I reckon that this might be a fundamental conceptual problem of the way C-Python implements threads and extensions. So the guys that have written jpy and snappy had no chance - it is just not possible.
I fear that eventually, I will have to switch to Java for resolving that.

The code will be faster.
I will be slower…

Thanks again!

I just kind of gave up on using snappy for batch processing due to speed issues. I switched to running GPT from shell.
I have not managed to parallelize the processing steps in python and make it faster. Its nightmare.

Is there any update on snappy speed issues?
I have an some code to automate batch processing written fully in python and I need to optimize it for speed. I have servers with cores and RAM available.

Hello, I am also intrested in this issue.
Was there a chance since November 2017, or is it still the same?

This problem is understood and while we would like to find a solution, it is/has not been easy.

The problem is that SNAP is a Java application. Java source code is compiled to what is called java bytecode that gets executed by a Java Virtual Machine (JVM). Python source code is also converted to bytecode but its own version (transparently or not) by the python interpreter (think of it as a Python VM - PVM). In order to use snappy one thus have to run the PVM that needs to start and communicate with a JVM running SNAP code. That’s what jpy is supposed to do. As you can imagine this is not as straightforward as just saying it.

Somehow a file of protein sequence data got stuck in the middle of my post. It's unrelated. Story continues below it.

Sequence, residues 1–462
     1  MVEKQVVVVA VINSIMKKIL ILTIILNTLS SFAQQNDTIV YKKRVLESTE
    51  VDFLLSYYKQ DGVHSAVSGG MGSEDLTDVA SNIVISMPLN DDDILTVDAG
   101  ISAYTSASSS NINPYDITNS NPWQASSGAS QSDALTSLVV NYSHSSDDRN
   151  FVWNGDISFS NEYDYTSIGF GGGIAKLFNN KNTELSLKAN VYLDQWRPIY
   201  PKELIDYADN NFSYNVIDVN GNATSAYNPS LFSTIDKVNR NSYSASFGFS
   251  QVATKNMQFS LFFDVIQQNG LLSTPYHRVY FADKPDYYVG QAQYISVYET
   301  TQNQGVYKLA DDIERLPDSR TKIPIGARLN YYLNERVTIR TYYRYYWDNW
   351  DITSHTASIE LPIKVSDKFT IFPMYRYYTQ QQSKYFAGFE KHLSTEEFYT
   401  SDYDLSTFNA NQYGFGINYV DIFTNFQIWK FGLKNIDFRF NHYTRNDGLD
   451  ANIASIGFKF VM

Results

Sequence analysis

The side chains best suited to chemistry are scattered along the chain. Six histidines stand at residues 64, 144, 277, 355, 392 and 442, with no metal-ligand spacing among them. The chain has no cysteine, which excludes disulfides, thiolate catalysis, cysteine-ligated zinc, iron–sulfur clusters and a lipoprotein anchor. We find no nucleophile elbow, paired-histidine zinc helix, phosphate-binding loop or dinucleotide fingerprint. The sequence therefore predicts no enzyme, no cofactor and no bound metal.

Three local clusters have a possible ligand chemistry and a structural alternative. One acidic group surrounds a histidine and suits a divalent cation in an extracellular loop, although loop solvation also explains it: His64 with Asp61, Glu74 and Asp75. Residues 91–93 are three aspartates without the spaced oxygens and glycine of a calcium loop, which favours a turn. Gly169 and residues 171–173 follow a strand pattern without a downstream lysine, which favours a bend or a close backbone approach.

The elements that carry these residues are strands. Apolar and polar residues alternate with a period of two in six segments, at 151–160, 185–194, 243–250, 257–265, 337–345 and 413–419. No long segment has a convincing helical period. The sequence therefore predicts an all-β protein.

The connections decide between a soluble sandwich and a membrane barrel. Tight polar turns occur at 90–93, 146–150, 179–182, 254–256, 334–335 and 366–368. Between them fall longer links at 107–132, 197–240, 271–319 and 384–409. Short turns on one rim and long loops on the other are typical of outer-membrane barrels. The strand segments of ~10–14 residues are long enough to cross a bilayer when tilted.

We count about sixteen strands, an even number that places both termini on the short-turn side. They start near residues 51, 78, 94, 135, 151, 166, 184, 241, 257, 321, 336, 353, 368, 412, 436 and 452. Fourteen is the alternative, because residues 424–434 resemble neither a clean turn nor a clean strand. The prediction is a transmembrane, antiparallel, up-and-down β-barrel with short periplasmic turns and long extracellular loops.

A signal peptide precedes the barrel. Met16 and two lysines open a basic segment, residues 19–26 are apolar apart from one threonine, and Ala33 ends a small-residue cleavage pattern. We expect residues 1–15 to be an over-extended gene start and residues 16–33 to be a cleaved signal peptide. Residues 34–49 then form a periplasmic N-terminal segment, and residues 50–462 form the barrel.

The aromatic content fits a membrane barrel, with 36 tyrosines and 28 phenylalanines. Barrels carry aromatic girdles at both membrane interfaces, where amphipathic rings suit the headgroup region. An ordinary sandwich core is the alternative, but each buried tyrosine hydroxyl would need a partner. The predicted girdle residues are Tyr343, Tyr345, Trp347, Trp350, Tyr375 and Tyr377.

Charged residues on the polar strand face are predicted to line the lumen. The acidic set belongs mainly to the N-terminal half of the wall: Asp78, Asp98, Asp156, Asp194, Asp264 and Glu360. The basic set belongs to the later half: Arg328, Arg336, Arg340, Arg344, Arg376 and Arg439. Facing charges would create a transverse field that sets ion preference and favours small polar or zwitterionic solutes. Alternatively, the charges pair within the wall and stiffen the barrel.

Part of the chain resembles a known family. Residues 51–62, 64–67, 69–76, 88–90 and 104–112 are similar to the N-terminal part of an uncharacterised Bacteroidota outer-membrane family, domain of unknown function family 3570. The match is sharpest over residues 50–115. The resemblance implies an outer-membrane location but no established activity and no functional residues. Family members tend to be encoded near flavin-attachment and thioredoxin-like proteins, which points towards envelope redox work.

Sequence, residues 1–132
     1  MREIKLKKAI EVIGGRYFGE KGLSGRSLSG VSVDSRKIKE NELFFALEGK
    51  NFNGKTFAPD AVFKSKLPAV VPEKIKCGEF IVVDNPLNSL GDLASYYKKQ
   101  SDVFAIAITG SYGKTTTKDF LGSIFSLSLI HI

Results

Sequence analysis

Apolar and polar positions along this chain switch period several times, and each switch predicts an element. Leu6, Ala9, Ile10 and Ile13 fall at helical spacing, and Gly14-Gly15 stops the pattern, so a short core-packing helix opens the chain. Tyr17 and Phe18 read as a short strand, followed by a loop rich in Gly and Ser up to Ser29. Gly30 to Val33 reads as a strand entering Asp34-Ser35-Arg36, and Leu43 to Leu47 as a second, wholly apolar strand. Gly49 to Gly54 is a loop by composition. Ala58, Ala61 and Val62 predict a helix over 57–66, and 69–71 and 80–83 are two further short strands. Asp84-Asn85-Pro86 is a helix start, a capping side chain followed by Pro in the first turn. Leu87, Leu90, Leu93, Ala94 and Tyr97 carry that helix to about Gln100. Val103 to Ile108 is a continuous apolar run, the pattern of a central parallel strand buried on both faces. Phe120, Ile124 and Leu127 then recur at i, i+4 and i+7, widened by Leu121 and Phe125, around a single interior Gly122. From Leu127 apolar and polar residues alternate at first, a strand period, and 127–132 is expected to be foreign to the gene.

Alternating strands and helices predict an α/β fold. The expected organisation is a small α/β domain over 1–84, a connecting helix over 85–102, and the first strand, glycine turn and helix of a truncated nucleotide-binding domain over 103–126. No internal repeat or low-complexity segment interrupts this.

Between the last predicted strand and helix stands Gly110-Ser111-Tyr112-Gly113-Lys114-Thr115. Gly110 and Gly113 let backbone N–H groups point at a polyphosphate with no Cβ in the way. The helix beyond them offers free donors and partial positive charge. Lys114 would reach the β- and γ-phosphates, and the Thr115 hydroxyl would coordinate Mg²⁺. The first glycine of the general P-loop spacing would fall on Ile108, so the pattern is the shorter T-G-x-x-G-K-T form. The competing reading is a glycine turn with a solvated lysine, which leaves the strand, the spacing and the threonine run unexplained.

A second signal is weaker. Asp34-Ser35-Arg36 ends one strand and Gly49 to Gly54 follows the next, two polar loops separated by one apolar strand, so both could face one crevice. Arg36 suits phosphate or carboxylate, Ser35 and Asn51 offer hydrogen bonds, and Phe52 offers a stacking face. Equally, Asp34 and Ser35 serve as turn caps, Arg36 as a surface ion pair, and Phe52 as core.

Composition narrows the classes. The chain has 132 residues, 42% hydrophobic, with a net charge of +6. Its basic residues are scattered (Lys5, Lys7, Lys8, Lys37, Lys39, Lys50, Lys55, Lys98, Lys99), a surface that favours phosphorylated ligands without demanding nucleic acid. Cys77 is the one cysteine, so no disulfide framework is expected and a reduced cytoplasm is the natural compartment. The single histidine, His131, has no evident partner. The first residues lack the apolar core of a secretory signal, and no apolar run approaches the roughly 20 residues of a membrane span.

Considering the fact that CPython (the most used PVM) has a global lock at its core (i.e. each instance of the PVM only runs one instruction at a time), while the JVM is fully parallelised this adds the need for very complex logic to avoid problems within the communication.
The end result is something that although working is not really performant.

So assuming that this snappy based processing is sufficiently important (i.e do we need it or is a wrapper around gpt sufficient?) which is the first question! Can we find anyone with enough coding skills in the python world available to help on this? I.e. to find better ways to create this bridge between the JVM and PVM…
SNAP is open-source so contributions are always welcome…

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The processes and threads are independent sequences of execution, the typical difference is that threads run in a shared memory space, while processes run in separate memory spaces.

  • A process has a self-contained execution environment. A process generally has a complete, private set of basic run-time resources; in particular, each process has its own memory space.

  • Threads exist within a process — every process has at least one. Threads share the process’s resources, including memory and open files. This makes for efficient, but potentially problematic, communication.

An example keeping the average person in mind:

On your computer, open Microsoft Word and a web browser. We call these two processes.

In Microsoft Word, you type something and it gets automatically saved. Now, you have observed editing and saving happens in parallel - editing on one thread and saving on the other thread.